A team of scientists affiliated with the University of California in San Diego, United States, have discovered and isolated a marine bacteria that can potentially cure a variety of cancers, including an aggressive brain one.
“We saw right away—wow, this looks really good,” says William Fenical, a chemist from Scripps Institution of Oceanography at the University of California San Diego upon discovering the Salinispora tropica bacteria. “And then we started thinking, What do we do now? How are we going to make sure this gets developed?”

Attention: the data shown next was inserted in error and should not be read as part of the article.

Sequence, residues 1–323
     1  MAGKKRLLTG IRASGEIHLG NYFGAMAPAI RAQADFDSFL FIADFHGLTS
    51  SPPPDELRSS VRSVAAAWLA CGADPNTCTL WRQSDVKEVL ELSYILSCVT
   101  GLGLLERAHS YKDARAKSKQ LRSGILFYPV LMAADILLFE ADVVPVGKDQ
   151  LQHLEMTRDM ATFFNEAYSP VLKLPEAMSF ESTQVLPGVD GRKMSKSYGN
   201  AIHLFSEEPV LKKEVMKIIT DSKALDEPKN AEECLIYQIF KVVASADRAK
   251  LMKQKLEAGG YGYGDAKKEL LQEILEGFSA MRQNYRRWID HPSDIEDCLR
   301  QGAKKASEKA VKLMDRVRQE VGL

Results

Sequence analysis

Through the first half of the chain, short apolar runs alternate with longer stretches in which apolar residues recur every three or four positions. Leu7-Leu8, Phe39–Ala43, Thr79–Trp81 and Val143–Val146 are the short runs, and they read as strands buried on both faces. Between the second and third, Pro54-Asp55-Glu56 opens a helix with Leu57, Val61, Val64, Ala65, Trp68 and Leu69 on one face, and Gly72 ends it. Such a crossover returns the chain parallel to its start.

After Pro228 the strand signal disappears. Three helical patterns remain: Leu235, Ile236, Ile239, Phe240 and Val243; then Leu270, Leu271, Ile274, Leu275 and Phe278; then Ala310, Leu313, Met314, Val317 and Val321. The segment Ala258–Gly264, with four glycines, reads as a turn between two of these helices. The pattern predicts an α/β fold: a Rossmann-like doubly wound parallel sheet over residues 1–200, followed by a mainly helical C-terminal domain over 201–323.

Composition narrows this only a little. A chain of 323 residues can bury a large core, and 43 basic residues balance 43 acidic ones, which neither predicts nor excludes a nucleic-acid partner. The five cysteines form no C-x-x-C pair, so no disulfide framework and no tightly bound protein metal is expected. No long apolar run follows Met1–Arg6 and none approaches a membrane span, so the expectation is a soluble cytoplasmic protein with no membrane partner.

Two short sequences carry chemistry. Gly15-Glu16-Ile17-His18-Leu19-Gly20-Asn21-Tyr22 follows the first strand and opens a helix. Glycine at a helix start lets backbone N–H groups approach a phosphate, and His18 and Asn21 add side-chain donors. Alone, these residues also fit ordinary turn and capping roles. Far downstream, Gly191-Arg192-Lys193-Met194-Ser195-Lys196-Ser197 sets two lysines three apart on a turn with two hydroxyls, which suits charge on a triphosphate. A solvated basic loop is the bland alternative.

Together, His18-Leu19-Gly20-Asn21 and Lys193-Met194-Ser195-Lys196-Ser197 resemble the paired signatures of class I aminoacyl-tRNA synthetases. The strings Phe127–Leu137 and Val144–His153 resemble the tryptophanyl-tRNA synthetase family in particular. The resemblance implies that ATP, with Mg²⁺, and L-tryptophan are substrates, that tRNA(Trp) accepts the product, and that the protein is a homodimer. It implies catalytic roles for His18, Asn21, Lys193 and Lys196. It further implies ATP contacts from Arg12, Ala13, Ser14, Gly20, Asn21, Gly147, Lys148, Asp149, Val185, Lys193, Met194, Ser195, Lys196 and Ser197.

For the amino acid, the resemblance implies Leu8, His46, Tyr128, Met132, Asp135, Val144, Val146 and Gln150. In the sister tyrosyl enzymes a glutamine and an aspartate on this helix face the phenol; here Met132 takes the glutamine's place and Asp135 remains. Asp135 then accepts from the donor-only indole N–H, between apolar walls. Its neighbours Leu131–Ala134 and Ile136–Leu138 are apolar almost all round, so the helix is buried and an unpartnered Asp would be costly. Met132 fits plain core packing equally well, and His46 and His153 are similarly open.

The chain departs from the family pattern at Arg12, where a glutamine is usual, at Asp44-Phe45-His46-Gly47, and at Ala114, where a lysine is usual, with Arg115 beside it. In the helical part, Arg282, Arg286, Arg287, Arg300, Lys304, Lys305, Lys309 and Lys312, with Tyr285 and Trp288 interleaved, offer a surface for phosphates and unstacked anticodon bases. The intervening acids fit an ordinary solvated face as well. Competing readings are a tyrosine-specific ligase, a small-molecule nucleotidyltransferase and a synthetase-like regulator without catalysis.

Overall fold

The Salinispora tropica—a microbe found on the ocean floor in the Bahamas—was tested on a line of difficult-to-kill human colon cancer cells, and it performed very well. One of the compounds studied as a potential anticancer agent has also been tested on a patient suffering from glioblastoma, one of the most lethal brain cancers. The woman received doses of the drug on a regular basis, and MRI showed that the tumor shrunk to the point of being unmeasurable. The drug is now in the final months of its phase three trial and could be on the market in a year or two. The drug is also in its phase one trial as a treatment for the most common brainstem tumor in children.